Unseating Feynman, and Fermi

Do physicists whitewash the legacy of Enrico Fermi the same way they do Richard Feynman?

Feynman disguised his sexism as pranks and jokes, and writers have spent thousands of pages offering his virtues as a great physicist and teacher as a counterweight against his misogyny. Even his autobiography doesn’t make any attempts to disguise his attitude, but to be fair, the attitude in question became visibly problematic only in the 21st century.

This doesn’t mean nobody exalts Feynman anymore but only that such exaltation is expected to be contextualised within his overall persona.

This in turn invites us to turn the spotlight on Fermi, who would at first glance appear to be Italy’s Feynman by reputation but on deeper study seems qualified to be called one of the greatest physicists of the 20th century.

Like Feynman, Fermi made important and fundamental contributions to physics and chemistry. Like Feynman, Fermi was part of the Manhattan Project to build the bombs that politicians would eventually drop on Hiroshima and Nagasaki. But unlike Feynman, Fermi’s participation in the latter extended to consultations on decisions about where to drop the bomb and when.

For us to acknowledge that we were being grossly unfair to all women when we overlooked Feynman’s transgressions, women needed to become more vocal about their rights in social and political society.

So it’s only fair to assume that at some point in the future, society’s engagement with and demands of scientists and scientific institutes to engage more actively with a country’s people and their leaders will show us how we’ve been whitewashing the legacy of Enrico Fermi – by offering his virtues as a physicist and teacher as a counterweight against his political indifference.

Many people who fled fascist regimes in 20th century Europe and came to the US, together with people who had relatives on the frontlines, supported the use of powerful weapons against the Axis powers because these people had seen firsthand what their enemies were capable of. Fermi was one such émigré – but here’s where it gets interesting.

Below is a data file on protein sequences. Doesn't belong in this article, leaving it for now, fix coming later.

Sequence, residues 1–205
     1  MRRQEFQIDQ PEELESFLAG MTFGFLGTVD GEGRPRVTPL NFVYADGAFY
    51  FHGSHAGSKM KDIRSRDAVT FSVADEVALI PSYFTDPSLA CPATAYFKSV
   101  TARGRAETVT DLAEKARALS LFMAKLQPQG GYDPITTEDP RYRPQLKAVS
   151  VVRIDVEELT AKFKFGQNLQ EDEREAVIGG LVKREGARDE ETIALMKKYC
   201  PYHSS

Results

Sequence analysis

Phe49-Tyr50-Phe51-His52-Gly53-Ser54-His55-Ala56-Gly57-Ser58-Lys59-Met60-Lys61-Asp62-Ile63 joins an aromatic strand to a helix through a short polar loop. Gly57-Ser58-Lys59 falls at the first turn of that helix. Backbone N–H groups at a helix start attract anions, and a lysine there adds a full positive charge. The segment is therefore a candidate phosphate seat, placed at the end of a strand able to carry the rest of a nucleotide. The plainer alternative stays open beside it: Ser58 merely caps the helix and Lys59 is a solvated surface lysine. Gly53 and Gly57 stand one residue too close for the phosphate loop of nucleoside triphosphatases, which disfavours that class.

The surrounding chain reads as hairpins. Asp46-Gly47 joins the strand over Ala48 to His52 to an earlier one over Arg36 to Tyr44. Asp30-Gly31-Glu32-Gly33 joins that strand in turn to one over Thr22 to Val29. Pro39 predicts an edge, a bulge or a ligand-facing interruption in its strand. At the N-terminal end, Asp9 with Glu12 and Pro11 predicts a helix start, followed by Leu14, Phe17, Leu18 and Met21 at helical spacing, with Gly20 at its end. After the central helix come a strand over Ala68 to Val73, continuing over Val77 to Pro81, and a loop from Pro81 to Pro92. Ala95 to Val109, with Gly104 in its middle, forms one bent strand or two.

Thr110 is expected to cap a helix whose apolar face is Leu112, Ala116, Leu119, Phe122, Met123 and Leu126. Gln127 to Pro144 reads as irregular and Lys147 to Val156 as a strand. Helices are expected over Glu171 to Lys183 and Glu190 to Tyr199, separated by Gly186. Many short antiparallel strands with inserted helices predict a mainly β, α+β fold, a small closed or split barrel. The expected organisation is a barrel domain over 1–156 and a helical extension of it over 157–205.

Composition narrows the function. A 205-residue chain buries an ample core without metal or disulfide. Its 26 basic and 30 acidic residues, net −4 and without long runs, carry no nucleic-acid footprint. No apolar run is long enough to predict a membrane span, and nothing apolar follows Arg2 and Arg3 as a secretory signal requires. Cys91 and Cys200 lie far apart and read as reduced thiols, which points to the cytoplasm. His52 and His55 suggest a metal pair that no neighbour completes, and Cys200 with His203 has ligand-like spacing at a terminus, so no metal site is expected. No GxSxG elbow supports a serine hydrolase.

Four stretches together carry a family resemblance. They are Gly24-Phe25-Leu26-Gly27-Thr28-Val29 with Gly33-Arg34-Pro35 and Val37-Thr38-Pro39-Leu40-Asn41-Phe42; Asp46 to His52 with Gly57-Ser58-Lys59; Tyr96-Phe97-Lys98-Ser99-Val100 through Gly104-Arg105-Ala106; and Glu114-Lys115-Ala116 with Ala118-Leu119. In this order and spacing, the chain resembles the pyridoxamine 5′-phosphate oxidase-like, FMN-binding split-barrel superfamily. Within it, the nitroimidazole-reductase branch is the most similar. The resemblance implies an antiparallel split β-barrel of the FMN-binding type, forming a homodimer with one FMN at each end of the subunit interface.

Fermi was known to be closed-off, to be the sort of man who wouldn’t say much and kept his feelings to himself. This meant that during meetings where military leaders and scientists together assessed a potential threat from the Germans, Fermi would maintain his dispassionate visage and steer clear of embellishments. If the threat was actually severe, Fermi wouldn’t be the person of choice to convey its seriousness, at least not beyond simply laying down the facts.

This also meant that Fermi didn’t have the sort of public, emotional response people commonly associate with J. Robert Oppenheimer, Karl Darrow or Leo Szilard after the bomb was first tested. In fact, according to one very-flattering biography – by Bettina Hoerlin and Gino Segrè published in 2016 – Fermi was only interested in his experiments and was “not eager to deal with the extra complications of political or military involvement”. Gen. Leslie Groves, the leader of the Manhattan Project, reportedly said Fermi “just went along his even way, thinking of science and science only.”

But at the same time, Fermi would also advocate – against the spirit of Szilard’s famous petition – for the bomb to be dropped without prior warning on a non-military target in Japan to force the latter to surrender. How does this square with his oft-expressed belief that scientists weren’t the best people to judge how and when the bomb would have to be used to bring a swift end to the war?

Fermi’s legacy currently basks in the shadow of the persistent conviction that the conducts of science and politics are separate and that they should be kept that way. The first part of the claim is false, an untruth fabricated to keep upper-class/caste science workers from instituting reforms that would make research a more equitable enterprise; the second part is becoming more untenable but it’s taking its time.

Ultimately, the fight for a scientific enterprise founded on a more enlightened view of its place within, not adjacent to, society should also provide us a clearer view of our heroes as well as help us discover others.